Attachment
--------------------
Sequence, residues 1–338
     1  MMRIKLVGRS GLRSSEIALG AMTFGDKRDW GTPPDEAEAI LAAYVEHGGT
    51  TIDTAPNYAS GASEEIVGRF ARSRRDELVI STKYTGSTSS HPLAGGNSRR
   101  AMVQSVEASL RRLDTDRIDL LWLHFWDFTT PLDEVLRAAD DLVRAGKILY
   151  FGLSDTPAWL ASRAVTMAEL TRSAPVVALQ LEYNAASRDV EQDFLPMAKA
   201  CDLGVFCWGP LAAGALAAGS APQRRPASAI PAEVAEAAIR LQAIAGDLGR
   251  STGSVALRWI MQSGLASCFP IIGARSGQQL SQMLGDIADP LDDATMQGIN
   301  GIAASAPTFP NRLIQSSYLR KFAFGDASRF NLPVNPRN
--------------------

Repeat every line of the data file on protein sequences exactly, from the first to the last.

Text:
Sequence, residues 1–338
     1  MMRIKLVGRS GLRSSEIALG AMTFGDKRDW GTPPDEAEAI LAAYVEHGGT
    51  TIDTAPNYAS GASEEIVGRF ARSRRDELVI STKYTGSTSS HPLAGGNSRR
   101  AMVQSVEASL RRLDTDRIDL LWLHFWDFTT PLDEVLRAAD DLVRAGKILY
   151  FGLSDTPAWL ASRAVTMAEL TRSAPVVALQ LEYNAASRDV EQDFLPMAKA
   201  CDLGVFCWGP LAAGALAAGS APQRRPASAI PAEVAEAAIR LQAIAGDLGR
   251  STGSVALRWI MQSGLASCFP IIGARSGQQL SQMLGDIADP LDDATMQGIN
   301  GIAASAPTFP NRLIQSSYLR KFAFGDASRF NLPVNPRN